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2013 Wimbledon: Analyzing Roger Federer and Rafael Nadal Upsets

Roger Federer and Rafael Nadal hold up their hardware after contesting one of the most memorable Grand Slam finals in 2008 at Wimbledon.
Roger Federer and Rafael Nadal hold up their hardware after contesting one of the most memorable Grand Slam finals in 2008 at Wimbledon.Julian Finney/Getty Images
Alex SandersonCorrespondent IIIJune 26, 2013

All-time tennis greats Roger Federer and Rafael Nadal came into Wimbledon 2013 dominating the event for the past decade. The draw pitted the two great champions to meet in the quarterfinals, and it was almost a sure thing they would make that happen.

At least one of the two had made every Wimbledon final since 2003, with one of them winning each year except in 2011 when Novak Djokovic took out Nadal. The duo also met in the finals three years in a row (2006-2008).

That streak came to a crashing halt during the first three days of the event, as Nadal went out in the first round to Steve Darcis and Federer in the second round to Sergiy Stakhovksy.

Not only will it be different for Wimbledon to see neither man in the finals, but the results also broke some incredible individual streaks for the two stars.

Nadal had never lost a first-round match in a Grand Slam, while Federer had never lost a second rounder. Both men have now lost at least one Grand Slam match in every possible round.

It was also the first major event in their careers where both men failed to make the second week of the event. In fact, one of the two had reached at least the semifinals in every event that both played other than the 2003 U.S. Open (Nadal lost in second round, Federer in fourth round).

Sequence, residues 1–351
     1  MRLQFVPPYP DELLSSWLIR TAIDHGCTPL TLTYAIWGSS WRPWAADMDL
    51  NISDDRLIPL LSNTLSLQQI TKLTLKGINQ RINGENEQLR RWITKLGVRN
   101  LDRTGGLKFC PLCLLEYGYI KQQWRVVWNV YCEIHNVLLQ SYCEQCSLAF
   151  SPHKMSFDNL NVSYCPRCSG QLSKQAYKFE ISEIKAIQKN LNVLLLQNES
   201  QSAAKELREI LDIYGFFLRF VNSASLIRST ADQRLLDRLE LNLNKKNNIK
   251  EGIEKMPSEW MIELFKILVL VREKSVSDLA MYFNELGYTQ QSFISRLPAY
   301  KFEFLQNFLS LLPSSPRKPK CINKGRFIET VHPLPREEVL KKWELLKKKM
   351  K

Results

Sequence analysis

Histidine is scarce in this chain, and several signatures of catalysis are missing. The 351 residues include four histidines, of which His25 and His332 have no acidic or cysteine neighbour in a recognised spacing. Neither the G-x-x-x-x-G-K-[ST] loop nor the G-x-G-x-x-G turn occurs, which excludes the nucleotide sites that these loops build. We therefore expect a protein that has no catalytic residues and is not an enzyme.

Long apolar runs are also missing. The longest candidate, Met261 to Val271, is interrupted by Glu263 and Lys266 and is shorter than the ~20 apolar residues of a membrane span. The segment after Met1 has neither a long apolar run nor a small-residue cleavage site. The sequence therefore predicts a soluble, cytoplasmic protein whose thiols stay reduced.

Of course, the biggest streak snapped was Federer's run of 36 consecutive grand slam quarterfinals reached, dating back to the 2004 Wimbledon Championships. What a remarkable nine-year run of consistency he had.

The Swiss Maestro has been good at bouncing back from big losses in his storied career, but he has never faced anything quite like this. Losing in the second round at a place he has owned for a decade (seven titles, one runner-up finish), can't sit well for the aging star.

Nadal is still very much a relevant factor on clay, as he just won his eighth French Open title just two weeks ago. However, outside of that surface, it sure feels as if the Nadal/Federer dominance of tennis has come to an end.

Nadal lost at Wimbledon in the second round at the All England Club last year, and has played just one hard-court title in the past year. He still has a lot of questions to answer outside of clay, mostly due to his knee problems.

The current top two players in the world are Djokovic and Andy Murray, both of whom are in the prime of their careers. They have a chance to dominate the game in the near future, and the two did meet in both the 2012 U.S. Open and 2013 Australian Open finals.

Those two will be favored to meet for the title at the end of this fortnight, unless of course the sudden epidemic of upsets continues past this crazy Day 3 of the 2013 Wimbledon Championships.

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